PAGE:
The Great CrossFit Debate: Rhabdo, psychosis, and one thing you can’t deny

090805M4150N142CrossFit has been the talk of the fitness world on the Internet lately. And not for the strong, hard bodies the program is known for producing.

Like any high-profile entity, it was only a matter of time before its closet skeletons were revealed. Or maybe they just escaped, because they were locked in their with “Uncle Rhabdo” the clown. Whatever it was, several recent articles publicizing the dangers of the sport has lead to CrossFitters everywhere to jump on the defensive, and those who are anti-CrossFit to fervently share these articles across their social channels with an I-told-you-so attitude.

First off, I’m neither for nor against CrossFit. I just kind of sit on the sidelines and observe like I did in P.E. class all throughout my secondary school days (what… I hated team sports!). There are a lot of things I like about CrossFit (which I will get to later), but some things I don’t. And the things I don’t like tend to vary from gym to gym. Not all CrossFit gyms are the same (regulation seems to be a big part of the problem), so it’s not fair to pigeonhole them all as angry, push-it-til-you-puke sweat boxes where your muscles go to die and seep into your blood stream.

The anti-CrossFit article that started this recent round of Internet debate is “CrossFit’s Dirty Little Secret” by Eric Robertson, a professor of physical therapy at Regis University. Basically, he says thanks to “CrossFit[‘s] culture of deplete, endure, repeat,” and a lack of knowledge and training among CrossFit coaches has lead a spike in cases of rhabdomyolysis, a rare condition “normally reserved for the elite military trainee, ultra-endurance monsters, and for victims of the occasional psychotic football coach.”

Although a big part of the issue comes down to the owners, coaches and culture of each individual gym, CrossFit itself can’t escape the blame. The whole concept of the brand was built on what sells, not a desire to inspire and help people become fit and healthy. The article “CrossFit’s Greg Glassman vs. Jack LaLanne” by James Fell, a syndicated fitness columnist and certified strength and condition coach, points out that CrossFit creator Greg Glassman is a businessman first and foremost, and doesn’t seem to care that his “gyms [are] encouraging bad form and pushing participants to do far more reps than they can handle.”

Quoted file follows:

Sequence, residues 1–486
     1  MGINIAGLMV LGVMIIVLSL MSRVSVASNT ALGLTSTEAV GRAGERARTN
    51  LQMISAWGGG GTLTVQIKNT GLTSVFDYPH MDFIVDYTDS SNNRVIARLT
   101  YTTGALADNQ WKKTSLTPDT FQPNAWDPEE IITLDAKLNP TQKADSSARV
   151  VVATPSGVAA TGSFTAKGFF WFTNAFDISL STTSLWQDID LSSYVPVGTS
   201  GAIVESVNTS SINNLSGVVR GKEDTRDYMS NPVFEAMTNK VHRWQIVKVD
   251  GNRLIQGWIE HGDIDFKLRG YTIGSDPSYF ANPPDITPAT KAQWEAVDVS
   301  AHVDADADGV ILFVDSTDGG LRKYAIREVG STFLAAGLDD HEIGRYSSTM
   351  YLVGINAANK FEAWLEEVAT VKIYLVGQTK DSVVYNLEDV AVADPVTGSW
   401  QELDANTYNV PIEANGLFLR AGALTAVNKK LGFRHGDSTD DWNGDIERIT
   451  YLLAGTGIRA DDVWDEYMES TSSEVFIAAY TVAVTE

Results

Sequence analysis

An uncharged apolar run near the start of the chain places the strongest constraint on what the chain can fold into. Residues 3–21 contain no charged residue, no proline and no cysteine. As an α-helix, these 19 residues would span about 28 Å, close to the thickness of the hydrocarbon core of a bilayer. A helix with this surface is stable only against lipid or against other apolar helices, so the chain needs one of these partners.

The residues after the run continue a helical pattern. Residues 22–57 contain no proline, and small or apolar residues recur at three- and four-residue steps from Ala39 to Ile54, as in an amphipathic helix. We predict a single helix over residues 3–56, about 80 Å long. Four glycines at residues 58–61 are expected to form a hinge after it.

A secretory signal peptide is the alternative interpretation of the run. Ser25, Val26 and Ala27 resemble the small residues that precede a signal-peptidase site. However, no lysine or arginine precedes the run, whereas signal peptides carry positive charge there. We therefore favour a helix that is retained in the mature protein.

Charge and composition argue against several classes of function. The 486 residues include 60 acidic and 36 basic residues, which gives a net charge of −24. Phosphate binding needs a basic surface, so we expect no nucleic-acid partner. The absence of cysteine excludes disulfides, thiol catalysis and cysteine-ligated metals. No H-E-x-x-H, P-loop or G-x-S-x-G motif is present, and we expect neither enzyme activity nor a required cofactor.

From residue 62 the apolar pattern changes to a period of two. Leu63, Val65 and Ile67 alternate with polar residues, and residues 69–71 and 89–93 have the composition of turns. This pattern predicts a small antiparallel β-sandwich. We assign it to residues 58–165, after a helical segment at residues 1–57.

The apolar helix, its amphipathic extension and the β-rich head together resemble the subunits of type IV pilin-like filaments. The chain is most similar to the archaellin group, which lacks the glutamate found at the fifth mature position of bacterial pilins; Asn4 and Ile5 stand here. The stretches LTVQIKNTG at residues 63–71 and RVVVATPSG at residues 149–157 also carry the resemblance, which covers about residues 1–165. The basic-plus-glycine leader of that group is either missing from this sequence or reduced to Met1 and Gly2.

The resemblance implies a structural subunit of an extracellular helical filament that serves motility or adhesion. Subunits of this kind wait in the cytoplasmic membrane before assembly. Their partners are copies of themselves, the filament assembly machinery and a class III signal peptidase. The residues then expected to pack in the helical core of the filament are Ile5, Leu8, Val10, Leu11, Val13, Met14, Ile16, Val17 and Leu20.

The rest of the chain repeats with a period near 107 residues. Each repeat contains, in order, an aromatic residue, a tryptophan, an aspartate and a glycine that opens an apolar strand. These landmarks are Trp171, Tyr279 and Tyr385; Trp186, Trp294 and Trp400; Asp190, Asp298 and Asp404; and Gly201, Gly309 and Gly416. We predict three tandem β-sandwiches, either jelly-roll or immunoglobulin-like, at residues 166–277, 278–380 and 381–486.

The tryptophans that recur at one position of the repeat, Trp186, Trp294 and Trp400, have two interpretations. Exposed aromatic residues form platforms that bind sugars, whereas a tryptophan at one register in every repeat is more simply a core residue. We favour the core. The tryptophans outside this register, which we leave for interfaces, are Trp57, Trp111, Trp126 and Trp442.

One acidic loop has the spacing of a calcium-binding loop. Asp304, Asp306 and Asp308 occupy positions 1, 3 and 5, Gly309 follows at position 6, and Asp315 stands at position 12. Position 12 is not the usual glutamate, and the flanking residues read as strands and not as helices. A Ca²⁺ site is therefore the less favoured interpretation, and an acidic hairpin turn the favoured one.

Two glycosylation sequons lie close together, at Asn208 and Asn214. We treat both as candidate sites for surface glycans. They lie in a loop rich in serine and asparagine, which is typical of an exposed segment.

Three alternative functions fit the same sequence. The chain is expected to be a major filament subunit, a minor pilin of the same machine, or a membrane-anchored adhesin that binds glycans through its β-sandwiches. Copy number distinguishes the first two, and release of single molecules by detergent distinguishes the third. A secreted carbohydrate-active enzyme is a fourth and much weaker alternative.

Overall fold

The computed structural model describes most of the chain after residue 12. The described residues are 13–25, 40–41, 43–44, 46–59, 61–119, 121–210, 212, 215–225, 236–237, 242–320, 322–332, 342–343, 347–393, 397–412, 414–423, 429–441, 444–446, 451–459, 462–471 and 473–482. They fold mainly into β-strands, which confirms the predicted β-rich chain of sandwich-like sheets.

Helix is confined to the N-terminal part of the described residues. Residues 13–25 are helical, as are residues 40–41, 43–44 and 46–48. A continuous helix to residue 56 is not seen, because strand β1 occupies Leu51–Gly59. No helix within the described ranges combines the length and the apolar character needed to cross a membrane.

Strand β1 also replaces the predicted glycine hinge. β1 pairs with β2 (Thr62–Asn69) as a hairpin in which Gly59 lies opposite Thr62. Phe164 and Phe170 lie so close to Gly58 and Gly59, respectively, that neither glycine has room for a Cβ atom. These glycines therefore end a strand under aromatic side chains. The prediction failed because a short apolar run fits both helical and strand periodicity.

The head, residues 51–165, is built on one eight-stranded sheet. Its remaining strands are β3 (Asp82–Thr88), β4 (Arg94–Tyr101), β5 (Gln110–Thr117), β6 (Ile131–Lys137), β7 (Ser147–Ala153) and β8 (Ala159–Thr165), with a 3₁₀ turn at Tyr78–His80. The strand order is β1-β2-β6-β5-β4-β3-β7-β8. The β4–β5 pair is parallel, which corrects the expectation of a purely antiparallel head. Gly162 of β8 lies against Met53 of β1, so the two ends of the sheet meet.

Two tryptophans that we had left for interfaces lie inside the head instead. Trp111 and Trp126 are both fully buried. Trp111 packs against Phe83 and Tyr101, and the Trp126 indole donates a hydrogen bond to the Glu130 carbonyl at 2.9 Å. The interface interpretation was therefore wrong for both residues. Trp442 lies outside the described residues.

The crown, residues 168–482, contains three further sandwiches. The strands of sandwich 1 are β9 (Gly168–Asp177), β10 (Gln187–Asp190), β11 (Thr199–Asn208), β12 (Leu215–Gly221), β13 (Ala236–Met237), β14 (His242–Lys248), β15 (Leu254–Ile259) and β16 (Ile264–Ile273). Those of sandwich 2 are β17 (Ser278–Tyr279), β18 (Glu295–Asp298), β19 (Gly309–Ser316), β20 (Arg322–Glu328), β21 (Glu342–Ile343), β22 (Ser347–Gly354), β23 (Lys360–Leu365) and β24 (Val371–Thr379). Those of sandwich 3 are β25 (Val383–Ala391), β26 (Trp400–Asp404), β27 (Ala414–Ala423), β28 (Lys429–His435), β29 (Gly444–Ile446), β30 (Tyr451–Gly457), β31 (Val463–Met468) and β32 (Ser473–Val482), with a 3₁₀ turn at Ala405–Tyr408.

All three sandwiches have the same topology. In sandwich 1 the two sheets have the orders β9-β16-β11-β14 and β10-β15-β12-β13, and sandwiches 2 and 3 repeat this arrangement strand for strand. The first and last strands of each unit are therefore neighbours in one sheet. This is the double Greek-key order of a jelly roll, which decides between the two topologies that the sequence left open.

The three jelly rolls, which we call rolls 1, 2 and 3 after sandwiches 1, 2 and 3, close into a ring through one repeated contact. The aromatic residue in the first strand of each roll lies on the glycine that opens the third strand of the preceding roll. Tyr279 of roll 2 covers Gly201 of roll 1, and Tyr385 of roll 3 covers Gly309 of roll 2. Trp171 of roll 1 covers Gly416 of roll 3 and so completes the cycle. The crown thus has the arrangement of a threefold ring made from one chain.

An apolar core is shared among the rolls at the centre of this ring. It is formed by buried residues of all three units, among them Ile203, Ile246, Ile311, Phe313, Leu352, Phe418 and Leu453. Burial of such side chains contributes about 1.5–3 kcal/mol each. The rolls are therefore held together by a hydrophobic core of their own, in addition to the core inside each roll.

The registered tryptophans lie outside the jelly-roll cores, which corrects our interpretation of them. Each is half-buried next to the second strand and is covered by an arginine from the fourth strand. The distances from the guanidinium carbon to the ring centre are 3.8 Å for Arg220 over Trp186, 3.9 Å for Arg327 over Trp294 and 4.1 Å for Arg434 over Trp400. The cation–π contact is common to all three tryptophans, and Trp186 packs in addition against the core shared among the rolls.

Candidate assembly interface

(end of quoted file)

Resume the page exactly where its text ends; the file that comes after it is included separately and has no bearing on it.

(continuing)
Really, anyone can push themselves hard enough and end up with rhabdo (like my boyfriend’s roommate recently did when preparing for a police physical agility test)—you don’t need to go to CrossFit to do that. The problem comes from the culture and human psychosis of not wanting to be a failure in front of a group of their peers. Maybe someone should create a new branch of CrossFit, one where you only do AMRAP with proper form, all coaches were certified strength and conditioning coaches, and no one was made to feel like a pansy for not completing a set (I’m sure there are some like that, but it’d be awesome if ALL of them were like that).

CrossFit fan or not, you can’t deny one of the best things to come out of the brand has been an evident increase in the number of women lifting heavier weights. I think it’s awesome to see mainstream magazines and other media featuring the crazy fit women of CrossFit, and to see more and more women interested in hitting the weight room and wanting to learn Olympic lifts.  If you are one of those women, I’d suggest getting strength and conditioning coach first and foremost. If you do want to try CrossFit, sign up for an On-Ramp type program at a reputable CrossFit gym before you ever attempt any sort of CrossFit-type workout, especially one with heavy weights.